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Periegētae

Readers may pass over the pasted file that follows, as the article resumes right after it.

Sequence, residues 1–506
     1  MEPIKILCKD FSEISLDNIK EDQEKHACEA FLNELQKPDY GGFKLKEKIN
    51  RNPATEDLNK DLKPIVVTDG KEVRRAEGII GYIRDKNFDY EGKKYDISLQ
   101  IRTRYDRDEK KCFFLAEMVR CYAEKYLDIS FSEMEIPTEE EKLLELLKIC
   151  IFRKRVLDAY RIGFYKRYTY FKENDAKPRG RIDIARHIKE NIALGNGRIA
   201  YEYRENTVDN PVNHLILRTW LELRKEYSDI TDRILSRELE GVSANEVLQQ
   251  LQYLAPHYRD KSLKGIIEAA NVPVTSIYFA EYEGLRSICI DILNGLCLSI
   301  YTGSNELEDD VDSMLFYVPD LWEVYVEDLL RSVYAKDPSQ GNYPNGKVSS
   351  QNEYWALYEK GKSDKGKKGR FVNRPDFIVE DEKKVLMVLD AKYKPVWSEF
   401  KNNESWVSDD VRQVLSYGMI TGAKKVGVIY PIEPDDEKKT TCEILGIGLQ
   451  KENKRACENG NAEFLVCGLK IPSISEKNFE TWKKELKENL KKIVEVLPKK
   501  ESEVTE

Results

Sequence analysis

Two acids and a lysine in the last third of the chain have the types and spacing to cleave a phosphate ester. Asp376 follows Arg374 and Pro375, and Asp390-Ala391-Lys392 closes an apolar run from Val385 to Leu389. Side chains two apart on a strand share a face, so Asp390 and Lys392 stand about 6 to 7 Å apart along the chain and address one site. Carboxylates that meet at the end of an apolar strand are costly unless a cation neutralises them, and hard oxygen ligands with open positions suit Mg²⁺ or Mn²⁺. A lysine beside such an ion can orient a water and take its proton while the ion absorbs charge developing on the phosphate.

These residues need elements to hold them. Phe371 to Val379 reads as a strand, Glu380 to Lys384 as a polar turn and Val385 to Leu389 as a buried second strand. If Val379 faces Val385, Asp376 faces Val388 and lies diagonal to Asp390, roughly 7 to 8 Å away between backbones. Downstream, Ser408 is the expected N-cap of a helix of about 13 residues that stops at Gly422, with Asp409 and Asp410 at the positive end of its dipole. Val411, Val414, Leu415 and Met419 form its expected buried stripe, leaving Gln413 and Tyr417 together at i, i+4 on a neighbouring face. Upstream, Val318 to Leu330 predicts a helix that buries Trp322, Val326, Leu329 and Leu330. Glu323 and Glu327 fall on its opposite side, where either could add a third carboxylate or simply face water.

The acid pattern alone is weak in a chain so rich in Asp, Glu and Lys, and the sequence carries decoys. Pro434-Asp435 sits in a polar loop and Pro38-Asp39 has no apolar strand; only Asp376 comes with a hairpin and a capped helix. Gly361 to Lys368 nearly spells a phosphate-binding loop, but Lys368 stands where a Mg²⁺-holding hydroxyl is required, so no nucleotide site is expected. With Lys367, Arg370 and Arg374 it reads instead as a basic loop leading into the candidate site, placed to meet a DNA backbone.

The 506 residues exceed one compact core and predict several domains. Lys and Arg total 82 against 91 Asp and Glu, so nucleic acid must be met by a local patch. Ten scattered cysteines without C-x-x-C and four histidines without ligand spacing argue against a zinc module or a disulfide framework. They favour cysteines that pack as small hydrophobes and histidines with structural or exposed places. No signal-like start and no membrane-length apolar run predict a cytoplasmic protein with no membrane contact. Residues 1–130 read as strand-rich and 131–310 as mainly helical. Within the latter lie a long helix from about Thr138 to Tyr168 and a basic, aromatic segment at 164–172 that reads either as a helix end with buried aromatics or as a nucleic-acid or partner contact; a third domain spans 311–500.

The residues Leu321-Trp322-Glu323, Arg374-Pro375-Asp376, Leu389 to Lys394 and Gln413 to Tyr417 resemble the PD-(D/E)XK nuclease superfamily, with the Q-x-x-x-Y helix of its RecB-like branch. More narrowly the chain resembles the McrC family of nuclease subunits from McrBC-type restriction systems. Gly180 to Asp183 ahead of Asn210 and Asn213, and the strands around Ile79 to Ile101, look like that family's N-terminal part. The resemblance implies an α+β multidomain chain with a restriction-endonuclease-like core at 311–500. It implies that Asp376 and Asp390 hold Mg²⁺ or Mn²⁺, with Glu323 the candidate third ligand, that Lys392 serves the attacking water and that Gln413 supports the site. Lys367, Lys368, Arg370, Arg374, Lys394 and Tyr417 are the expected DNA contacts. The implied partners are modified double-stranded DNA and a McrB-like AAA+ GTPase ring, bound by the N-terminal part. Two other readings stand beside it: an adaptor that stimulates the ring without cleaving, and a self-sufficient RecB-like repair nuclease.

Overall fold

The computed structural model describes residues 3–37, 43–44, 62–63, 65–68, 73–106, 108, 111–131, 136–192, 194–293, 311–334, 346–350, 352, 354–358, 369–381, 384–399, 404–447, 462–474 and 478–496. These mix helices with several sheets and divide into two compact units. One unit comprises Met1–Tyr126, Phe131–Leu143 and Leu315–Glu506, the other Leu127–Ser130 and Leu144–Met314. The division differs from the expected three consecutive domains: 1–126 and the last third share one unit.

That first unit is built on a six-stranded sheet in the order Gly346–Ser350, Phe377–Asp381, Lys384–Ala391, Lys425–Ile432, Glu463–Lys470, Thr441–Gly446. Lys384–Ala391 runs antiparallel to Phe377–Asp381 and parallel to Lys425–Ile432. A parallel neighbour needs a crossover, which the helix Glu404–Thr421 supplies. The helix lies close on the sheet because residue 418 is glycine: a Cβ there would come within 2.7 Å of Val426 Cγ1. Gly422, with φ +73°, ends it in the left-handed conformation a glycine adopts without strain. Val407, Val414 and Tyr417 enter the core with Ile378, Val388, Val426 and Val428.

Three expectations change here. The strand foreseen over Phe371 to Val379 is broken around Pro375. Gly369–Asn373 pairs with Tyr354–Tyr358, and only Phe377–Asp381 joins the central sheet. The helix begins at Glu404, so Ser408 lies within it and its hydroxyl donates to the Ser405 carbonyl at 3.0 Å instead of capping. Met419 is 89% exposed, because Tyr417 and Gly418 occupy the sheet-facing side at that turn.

περιηγηταί, “those who guide strangers about,” and show them what is worth notice). A term applied by the Greeks to the authors of travellers' guide-books enumerating and describing what was worthy of note, especially buildings or monuments, in the several cities or countries. This kind of literature was especially in vogue from the third century B.C. onwards. Its chief representatives are Polemon of Troas (about 200), whose numerous works are now unfortunately preserved in fragments only; and after him the Athenian Heliodorus, author of a great work on the Acropolis, likewise lost. Larger fragments survive of a hand-book to Greece by a certain Heraclides, and of the interesting work on Alexandria by Callixenus of Rhodes. The only complete work of this kind remaining is the valuable description of Greece by Pausanias (q.v.) in the second century A.D.

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